November 3, 2009

The U.S. government has pumped more than $100 billion into Detroit over the past year to keep automakers General Motors and Chrysler alive. But some of the sector’s remaining capitalists are having a hard time stomaching a $25 billion Department of Energy loan program intended to spark new developments in electric cars. 

Start-ups Fisker Automotive and Tesla Motors have won about $1 billion in combined funding, while longtime players Ford and Nissan have received substantially larger loans from Washington to work on vehicle electrification — a technology the White House and many in the industry hope will reduce the United States’ dependence on imported oil and lower emissions of carbon dioxide, a leading greenhouse gas. 

Funneling federal money to new entrants to the automaking world does not sit right with Tim Leuliette, chief executive of parts supplier Dura Automotive. 

“If there’s a real market for electric vehicles, the OEMs will do it,” Leuliette said, using industry jargon for automakers. “We don’t need to have people who have never built a car in their life take $1 billion of our tax money and say ‘I can do it too.'” 

Government funding muddles market signals, Leuliette argued at the Reuters Autos Summit in Detroit.

“When government writes a check, it says the smart money investors are hesitant to fund it,” Leuliette said. “When markets say it’s now wise enough … there’s more than enough money.”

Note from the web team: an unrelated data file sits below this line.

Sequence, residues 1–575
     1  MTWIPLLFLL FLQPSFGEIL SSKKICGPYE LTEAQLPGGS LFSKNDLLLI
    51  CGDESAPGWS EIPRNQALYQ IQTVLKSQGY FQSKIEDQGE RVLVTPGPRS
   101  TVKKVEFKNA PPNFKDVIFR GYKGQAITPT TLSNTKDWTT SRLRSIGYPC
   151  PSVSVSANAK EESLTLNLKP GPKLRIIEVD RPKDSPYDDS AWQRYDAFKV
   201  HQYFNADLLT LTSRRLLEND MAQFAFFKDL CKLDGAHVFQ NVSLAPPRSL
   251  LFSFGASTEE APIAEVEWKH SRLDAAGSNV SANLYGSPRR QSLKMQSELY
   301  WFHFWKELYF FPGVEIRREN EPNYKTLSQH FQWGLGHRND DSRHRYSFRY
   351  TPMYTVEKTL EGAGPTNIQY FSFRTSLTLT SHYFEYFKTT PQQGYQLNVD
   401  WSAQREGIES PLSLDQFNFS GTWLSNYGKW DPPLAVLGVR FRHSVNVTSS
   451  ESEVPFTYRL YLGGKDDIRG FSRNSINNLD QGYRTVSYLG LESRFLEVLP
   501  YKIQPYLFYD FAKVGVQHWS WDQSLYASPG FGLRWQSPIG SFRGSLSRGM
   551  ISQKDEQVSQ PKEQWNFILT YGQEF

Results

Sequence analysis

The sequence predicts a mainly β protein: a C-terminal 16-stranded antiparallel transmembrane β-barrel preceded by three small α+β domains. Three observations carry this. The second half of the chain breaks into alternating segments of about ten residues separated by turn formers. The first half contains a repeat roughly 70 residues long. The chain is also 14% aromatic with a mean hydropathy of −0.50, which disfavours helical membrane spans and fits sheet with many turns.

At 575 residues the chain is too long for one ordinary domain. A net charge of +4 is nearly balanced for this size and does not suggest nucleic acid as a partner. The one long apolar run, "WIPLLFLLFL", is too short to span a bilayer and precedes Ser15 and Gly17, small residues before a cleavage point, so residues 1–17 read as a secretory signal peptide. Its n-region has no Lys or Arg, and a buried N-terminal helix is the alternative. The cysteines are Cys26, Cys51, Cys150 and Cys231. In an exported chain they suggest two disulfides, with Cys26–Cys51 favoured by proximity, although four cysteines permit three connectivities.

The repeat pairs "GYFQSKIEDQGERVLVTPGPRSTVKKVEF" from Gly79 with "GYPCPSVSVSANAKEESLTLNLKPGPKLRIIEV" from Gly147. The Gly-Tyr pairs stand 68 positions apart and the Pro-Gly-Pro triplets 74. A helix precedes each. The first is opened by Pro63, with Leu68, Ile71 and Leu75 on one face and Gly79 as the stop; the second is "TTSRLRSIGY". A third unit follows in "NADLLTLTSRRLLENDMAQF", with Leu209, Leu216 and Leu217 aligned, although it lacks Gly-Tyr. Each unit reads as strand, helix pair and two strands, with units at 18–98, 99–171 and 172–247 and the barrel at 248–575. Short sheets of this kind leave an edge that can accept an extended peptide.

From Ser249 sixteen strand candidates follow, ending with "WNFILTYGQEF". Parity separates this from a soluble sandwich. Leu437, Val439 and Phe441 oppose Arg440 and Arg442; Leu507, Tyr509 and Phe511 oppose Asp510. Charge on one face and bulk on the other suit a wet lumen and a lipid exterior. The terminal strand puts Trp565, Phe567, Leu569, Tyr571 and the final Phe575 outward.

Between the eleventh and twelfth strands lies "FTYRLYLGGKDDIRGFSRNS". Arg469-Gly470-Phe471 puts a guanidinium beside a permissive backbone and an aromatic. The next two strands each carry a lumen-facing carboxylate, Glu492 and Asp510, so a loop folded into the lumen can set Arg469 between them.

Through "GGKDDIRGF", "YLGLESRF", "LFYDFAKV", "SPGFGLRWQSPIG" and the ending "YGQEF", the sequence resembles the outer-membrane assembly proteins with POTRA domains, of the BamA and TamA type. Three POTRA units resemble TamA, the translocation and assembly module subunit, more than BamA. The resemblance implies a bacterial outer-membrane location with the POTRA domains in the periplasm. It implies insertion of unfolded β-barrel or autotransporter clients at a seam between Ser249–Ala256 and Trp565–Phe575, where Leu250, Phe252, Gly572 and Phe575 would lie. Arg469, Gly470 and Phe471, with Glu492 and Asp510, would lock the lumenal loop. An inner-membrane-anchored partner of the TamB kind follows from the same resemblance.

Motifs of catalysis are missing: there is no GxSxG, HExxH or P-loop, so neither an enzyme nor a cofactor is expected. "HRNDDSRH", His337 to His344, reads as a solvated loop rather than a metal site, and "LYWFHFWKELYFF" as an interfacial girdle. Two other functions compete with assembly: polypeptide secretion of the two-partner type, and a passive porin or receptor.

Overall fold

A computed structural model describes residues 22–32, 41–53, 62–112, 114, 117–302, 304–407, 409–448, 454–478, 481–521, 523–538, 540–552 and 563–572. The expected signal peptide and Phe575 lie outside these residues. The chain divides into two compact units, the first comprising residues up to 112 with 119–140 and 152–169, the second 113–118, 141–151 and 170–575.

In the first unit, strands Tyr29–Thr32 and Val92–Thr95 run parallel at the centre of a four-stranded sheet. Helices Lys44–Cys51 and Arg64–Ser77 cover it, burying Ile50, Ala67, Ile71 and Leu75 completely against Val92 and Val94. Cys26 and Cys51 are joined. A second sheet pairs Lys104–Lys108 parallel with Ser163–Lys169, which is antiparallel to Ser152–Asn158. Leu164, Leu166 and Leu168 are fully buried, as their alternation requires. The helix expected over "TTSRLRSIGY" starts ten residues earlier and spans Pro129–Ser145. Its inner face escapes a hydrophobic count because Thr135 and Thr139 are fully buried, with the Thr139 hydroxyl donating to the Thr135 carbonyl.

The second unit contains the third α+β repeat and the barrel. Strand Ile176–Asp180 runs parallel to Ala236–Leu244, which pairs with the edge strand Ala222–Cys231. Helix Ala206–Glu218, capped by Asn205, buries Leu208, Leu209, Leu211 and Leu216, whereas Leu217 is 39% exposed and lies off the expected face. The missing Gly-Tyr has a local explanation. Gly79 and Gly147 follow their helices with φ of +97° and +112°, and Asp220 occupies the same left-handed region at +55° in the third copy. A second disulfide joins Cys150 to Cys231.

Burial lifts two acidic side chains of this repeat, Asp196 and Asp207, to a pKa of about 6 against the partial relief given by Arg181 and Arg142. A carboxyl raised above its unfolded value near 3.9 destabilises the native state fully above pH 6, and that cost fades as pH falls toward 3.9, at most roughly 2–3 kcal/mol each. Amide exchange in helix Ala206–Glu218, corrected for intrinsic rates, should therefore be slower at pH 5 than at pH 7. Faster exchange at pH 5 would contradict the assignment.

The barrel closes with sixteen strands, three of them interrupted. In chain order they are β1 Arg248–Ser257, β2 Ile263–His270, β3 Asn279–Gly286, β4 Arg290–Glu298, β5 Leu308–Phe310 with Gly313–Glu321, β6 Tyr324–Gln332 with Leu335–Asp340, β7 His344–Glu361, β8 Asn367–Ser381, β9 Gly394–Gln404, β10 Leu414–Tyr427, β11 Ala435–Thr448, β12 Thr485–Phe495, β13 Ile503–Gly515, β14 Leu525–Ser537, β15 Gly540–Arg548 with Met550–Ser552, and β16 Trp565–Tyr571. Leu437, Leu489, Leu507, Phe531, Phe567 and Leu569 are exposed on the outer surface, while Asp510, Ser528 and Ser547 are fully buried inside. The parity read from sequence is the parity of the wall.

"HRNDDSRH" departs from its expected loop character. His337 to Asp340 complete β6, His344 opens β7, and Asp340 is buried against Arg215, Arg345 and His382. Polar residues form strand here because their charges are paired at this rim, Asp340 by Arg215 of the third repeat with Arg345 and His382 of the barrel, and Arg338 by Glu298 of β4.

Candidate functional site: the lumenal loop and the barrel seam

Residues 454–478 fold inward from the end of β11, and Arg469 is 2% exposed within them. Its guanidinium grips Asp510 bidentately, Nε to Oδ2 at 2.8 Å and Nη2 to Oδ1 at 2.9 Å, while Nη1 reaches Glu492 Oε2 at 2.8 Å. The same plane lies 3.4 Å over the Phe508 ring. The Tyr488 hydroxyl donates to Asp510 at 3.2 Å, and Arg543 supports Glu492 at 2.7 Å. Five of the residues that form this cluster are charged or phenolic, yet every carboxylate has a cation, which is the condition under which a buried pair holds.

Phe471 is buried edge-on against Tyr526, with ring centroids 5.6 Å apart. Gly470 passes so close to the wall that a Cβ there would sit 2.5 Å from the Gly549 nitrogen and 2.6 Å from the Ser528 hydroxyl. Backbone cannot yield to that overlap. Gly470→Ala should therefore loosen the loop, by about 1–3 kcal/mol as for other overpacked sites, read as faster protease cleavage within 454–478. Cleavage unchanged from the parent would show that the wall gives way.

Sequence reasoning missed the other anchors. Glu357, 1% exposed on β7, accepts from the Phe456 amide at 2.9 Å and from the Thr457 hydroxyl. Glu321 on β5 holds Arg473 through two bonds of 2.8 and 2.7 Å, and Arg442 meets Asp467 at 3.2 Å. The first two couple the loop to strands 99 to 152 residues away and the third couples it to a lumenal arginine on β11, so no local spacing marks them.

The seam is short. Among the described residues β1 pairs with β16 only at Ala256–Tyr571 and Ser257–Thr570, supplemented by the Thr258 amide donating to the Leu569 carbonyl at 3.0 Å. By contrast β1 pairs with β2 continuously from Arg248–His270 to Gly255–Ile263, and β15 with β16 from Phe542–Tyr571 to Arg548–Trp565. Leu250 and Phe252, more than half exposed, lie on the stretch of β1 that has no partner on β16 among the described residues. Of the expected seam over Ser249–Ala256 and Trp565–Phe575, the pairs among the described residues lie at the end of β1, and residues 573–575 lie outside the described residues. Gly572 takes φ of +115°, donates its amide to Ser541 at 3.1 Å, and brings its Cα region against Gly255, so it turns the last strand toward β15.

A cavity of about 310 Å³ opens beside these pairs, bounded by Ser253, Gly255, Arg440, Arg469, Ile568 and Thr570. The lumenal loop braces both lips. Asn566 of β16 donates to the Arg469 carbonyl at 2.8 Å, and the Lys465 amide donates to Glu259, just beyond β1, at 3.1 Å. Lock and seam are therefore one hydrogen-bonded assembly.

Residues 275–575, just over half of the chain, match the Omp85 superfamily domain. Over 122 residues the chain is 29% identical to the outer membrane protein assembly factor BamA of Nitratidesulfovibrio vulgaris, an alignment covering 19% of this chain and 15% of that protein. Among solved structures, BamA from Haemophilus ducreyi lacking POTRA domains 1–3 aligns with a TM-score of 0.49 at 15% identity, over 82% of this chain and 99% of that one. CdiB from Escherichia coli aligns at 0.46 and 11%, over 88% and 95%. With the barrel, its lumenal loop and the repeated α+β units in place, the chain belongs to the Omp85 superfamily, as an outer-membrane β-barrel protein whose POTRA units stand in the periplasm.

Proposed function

For his part, the founder of Fisker Automotive — which aims to build plug-in hybrid cars at a former GM plant in Wilmington, Delaware — said government funding is a logical way to kick start a technology that private U.S. companies have been slow to focus on. 

“Do we just sit and wait for the Chinese and the Japanese or Europeans to develop this and then we join later? Or do we actually this time around, try to take the lead?” said Henrik Fisker, whose plug-in hybrids would be able to travel for short distances on just the electricity stored in their batteries, which can be charged off the electric grid. 

“This is a moment in time, we cannot let this pass. We already let the hybrid pass – Toyota in the consumer’s mind, invented the hybrid and owns the hybrid – the average consumer doesn’t know that GM has more hybrids than Toyota,” Fisker said. “If an American company comes first with a plug-in hybrid, and we will be followed closely by the Chevy Volt in another segment, I think that is where America then has a chance in the consumer’s mind to take the lead, and not only in the U.S., but worldwide.”

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